Dietary Patterns Study

Dietary Patterns Study Contact Person:

Uma Rao

Other PIs/Investigators/PhD students:

Tomas Zurita
Kelly F. M. Kazmierski
Larissa Wong
Megan Faulkner
Sabrina Kuo
Heather Huszti

Partners:
Children's Hospital Orange County (CHOC) Funding Agency:

NIH

Project Summary:

Obesity is a major problem in our society resulting in a variety of physical and mental health problems. Adolescent development is associated with significant behavioral and biological changes that can lead to persistent obesity into adult life. In particular, African-American (AA) and Hispanic/Latina (HL) females have high rates of obesity compared to their Non-Hispanic White (NHW) counterparts. Research has indicated that this is not merely due to differences in socioeconomic status. AA and HL experience significant chronic (ongoing) stressors which can alter eating behavior activity levels, fat distribution and metabolic hormones, resulting in obesity and associated health problems.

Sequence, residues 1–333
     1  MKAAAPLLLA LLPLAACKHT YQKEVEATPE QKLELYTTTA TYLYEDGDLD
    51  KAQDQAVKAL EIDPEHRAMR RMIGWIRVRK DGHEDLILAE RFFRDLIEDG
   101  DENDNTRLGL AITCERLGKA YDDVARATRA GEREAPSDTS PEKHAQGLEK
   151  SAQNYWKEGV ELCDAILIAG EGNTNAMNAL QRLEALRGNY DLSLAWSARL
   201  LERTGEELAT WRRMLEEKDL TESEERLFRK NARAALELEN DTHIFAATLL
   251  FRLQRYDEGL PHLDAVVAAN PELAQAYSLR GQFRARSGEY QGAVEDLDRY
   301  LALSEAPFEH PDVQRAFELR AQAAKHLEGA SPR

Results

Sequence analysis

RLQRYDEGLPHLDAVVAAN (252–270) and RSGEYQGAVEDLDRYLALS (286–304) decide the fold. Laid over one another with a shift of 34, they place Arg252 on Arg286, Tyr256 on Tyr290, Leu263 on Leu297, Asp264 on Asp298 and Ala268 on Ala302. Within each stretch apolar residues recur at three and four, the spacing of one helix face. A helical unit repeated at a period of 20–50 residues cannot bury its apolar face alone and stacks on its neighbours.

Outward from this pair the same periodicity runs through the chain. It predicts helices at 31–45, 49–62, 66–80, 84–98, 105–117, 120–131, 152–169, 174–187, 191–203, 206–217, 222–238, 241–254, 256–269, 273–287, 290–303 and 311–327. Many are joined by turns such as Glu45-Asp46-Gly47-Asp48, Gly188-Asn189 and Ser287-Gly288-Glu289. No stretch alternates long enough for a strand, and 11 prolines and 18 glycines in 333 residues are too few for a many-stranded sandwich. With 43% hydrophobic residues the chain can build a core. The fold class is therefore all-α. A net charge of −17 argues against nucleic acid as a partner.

In the current research study, we are examining social and biological stress in 13-17 year-old AA, HL, and NHW females (normal weight, overweight and obese). Additionally, we are studying eating patterns and activity levels in the home environment and in a controlled laboratory setting as well as body composition (muscle mass and fat distribution) and metabolic hormones. To our knowledge, this is the first study to carefully examine the role of stress in determining racial differences in obesity rates. If our results confirm the influential role of stress, we aim to develop interventions and advocate for public policy changes to address social and biological stress in addition to nutrition and exercise (currently the primary focus in clinical and public policy programs).